A Photo Essay
We went there first in 1980. And we left our kids at home for the first time ever. They were 8, 10 and 12 and my parents came and stayed in our home, schlepping them hither and yon for two and a half weeks while we flew across the Pacific to check out the 50th state.
That time we went with another couple, island-hopping to get the lay of the land. But we knew from the very first touchdown on that northernmost and oldest of the islands that we would be back in that place, kids in tow, just as soon as we could possibly make it happen.
And two years later, we did it. All 5 of us sharing a 1-bedroom condo, air mattresses on the floor, mosquitoes buzzing, frogs chirruping by the thousands.
And we loved it.
Every single inch of it.
It's hard to say enough about all that we love in that place.
From the 150 year old wood frame or volcanic stone churches...
...to the thrilling drop-off above the Napali coastline,
as viewed from the overlook...
...to the waterfalls and colorful striations of the Little Grand Canyon on the road up to the overlook...
...to the windswept Tunnels Beach with it's conical-hat Bali Hai in the distance...
...to the richness of local taro fields lining the sides of the Hanalei River...
...to the sweeping panorama of the beach at Kalihiwai Bay, whether a sunny day...
...or a cloudy one - complete with rainbow.
...and certainly, the lure of the jungle-rich roadway driving north...until there is no more road to drive.
One consistent siren call is most assuredly the sounds of local bird-life. The distinct cooing of Hawaiian doves,
the worried call of the bright red or grey and red cardinals,
and - of course - the early morning cri de couer of hundreds and hundreds of these guys, wandering wherever they please,
thank you very much.
I would have to include the singular beauty of entire groves of palm trees, swaying in the breeze.
And of course, one of my deepest loves:
the wide variety of beautiful flowers, colorful and fragrant.
Anthurium, pink and red.
Every shape, size and color of orchid.
It's not called the Garden Isle for nothin'.
Wonderful wildflowers, too.
My personal favorite - and the first thing I buy at the local Farmer's Market - is the white, heavily scented tuberose.
And these wild bird-flowers are fun, too.
Golden shower trees abound - and of course - the state flower can be found everywhere, in every shade of pink, purple, orange, yellow, white and red.
The glorious-for-one-day hibiscus.
But as breathtakingly beautiful as it is,
as warm and welcoming as we find it every time we come,
as lovely and relaxing and refreshing as our time there always is -
it is the people we share it with
that make this place memorable.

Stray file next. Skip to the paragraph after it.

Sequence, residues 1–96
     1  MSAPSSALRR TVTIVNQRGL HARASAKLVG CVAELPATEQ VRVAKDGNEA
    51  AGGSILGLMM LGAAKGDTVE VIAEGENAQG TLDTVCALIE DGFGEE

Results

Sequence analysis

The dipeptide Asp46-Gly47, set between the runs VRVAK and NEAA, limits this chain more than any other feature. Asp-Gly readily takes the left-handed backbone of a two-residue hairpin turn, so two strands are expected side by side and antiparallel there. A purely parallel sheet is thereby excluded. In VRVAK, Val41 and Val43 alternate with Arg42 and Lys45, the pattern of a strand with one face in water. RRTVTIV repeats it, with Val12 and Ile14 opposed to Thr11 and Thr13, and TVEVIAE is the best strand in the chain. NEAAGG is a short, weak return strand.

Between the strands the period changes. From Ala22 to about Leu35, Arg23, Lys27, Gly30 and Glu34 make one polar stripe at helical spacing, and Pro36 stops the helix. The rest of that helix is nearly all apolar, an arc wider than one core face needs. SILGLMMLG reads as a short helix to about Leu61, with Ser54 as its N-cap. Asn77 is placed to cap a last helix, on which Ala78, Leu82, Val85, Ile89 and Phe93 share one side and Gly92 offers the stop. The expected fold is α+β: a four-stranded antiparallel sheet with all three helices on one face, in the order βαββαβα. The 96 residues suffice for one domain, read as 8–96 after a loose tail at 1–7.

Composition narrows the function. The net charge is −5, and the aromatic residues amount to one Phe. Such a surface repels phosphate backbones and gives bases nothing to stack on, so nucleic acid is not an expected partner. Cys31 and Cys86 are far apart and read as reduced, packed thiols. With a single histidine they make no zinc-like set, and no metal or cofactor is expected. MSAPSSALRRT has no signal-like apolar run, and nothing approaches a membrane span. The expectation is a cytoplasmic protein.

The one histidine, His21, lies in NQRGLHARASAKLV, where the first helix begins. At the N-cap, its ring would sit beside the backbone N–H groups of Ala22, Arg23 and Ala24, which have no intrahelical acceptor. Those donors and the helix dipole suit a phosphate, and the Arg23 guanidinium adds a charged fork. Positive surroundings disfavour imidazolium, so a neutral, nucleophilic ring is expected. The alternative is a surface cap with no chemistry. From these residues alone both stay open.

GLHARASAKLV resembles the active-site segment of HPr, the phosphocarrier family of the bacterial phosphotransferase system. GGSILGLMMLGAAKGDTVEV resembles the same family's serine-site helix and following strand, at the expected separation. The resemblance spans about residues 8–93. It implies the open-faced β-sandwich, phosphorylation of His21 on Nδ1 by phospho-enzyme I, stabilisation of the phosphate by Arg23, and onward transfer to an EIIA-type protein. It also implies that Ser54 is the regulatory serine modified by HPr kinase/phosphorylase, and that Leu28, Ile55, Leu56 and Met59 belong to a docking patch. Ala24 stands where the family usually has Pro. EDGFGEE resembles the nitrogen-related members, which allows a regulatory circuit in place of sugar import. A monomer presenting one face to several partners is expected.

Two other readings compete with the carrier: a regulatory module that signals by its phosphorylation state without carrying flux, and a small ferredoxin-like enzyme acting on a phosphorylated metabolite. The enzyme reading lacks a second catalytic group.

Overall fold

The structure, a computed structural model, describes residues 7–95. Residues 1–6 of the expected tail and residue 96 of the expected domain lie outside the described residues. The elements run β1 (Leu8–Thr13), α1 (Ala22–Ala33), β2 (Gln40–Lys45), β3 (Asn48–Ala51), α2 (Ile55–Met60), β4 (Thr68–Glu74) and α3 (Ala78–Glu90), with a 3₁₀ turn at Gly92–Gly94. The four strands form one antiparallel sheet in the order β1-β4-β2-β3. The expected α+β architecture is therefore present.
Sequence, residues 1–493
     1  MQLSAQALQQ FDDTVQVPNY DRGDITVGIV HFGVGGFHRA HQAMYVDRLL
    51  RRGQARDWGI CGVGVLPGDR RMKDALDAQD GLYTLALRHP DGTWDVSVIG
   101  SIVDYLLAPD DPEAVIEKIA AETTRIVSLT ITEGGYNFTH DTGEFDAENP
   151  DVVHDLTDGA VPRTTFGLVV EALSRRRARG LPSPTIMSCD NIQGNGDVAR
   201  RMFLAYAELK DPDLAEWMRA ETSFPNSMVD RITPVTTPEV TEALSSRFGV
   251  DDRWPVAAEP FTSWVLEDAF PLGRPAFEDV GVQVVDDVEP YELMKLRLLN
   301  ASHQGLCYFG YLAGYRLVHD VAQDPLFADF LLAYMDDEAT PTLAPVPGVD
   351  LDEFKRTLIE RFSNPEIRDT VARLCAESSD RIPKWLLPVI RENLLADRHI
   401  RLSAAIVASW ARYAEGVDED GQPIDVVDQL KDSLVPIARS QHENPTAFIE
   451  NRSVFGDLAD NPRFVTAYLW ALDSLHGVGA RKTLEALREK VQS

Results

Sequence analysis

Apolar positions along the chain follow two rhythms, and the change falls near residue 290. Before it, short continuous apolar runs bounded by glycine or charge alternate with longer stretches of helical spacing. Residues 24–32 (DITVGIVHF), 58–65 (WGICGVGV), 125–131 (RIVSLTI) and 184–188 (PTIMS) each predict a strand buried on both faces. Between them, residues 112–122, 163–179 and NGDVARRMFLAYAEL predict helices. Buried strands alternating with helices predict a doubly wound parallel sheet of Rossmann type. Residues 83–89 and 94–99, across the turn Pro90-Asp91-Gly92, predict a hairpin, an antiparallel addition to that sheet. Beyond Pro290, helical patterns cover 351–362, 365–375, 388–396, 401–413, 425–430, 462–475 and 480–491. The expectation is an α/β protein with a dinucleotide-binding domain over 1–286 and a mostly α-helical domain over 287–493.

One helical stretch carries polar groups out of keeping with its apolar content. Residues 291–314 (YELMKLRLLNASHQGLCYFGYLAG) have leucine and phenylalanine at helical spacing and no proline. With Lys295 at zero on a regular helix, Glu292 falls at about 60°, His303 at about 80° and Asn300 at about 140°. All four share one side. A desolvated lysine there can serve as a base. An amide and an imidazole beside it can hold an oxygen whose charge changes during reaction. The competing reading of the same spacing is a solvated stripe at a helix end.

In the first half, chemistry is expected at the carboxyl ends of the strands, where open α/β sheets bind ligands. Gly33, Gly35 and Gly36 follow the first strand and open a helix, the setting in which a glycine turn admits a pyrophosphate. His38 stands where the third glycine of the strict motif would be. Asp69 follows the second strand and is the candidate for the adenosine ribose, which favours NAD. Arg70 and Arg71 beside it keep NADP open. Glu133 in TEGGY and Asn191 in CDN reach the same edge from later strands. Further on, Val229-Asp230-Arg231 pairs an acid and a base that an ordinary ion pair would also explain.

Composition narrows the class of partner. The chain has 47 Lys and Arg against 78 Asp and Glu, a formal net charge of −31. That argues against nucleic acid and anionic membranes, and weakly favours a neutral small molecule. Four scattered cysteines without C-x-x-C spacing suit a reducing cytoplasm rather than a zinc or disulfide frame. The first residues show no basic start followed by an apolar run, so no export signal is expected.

Setting aside time, money and commitment for vacationing
is a very high value for us as a family.
In fact, after commitment to growing in discipleship,
loving one another well,
learning our whole lives long -
I would have to say that re-creating is among our top four family values.
My husband and I began our married life by traveling halfway around the world together - to serve, to explore,
to grow together as our own family unit.
And every year since then, we have saved for,
planned for and enjoyed time away from the regular routine.
We seek beauty,
learning about new places,
meeting new people,
and enjoying one another
in a setting that is removed from the demands of daily living.
So we've been back to Kauai
(or to Maui, our 2nd favorite)
about 15 times in the last 30 years.
And some of our richest family memories are
part and parcel of that small northernmost island,
the one with all the greenery and all the family lore.
Each of our parents invited their children and grandchildren to Kauai in celebration of their 50th wedding anniversaries.
We're making plans to do the same in 3 years time, when our own comes around.
We took each of our children's spouses with us on family trips to this place - two of them before they were officially members of the family.
And four years ago, we planned an extra-special trip,
one that became even more so in retrospect.
Our middle daughter and her family of 5 rented a house in Princeville for a month.
Dick and I rented a house on the edge of Kalihiwai Bay for the same time period.
We were 10 minutes apart by car and each of us entertained parts of our extended families over the course of those four weeks.
My mom and my youngest brother came for one week and stayed with us. Within two years, he was dead and she was blind, frail and losing her memory.
The treasure of this time together
is something I carry with me just about every day.
My husband's mom and his incredible sister, whose marriage of 38 years had just ended, came and stayed for a different week.
Today, four years later,
Mom is on hospice care;
Dick's sister is preparing for a very different life
once her mother is gone, most likely moving across the country to be nearer her daughter for half of each year.
Life just keeps on changing, you know?
And the gift of time away together?
It cannot be measured.
Since our initial visit 32 years ago, the islands have changed, too. Some of that change is welcome (like a wonderful Costco near the airport); some of it not so much (like increasing development and numbers of people) - but the essentials of the place remain the same.
It is beautiful.
It is marked by a much slower rhythm of living.
It is far enough away to feel removed
from the lure of life on the mainland,
but not so far away as to feel isolated.
I cannot possibly put into words how deeply grateful
I am to have spent time in this grace-filled space.
I think it's about as close to Eden
as I'm ever going to get this side of heaven -
and I KNOW God lives there year 'round.
Joining in the Community Writing Project for The High Calling, put together by Charity Singleton and edited by Deidra Riggs, two of the finest women on the planet.
You can read other vacation stories at Charity's place: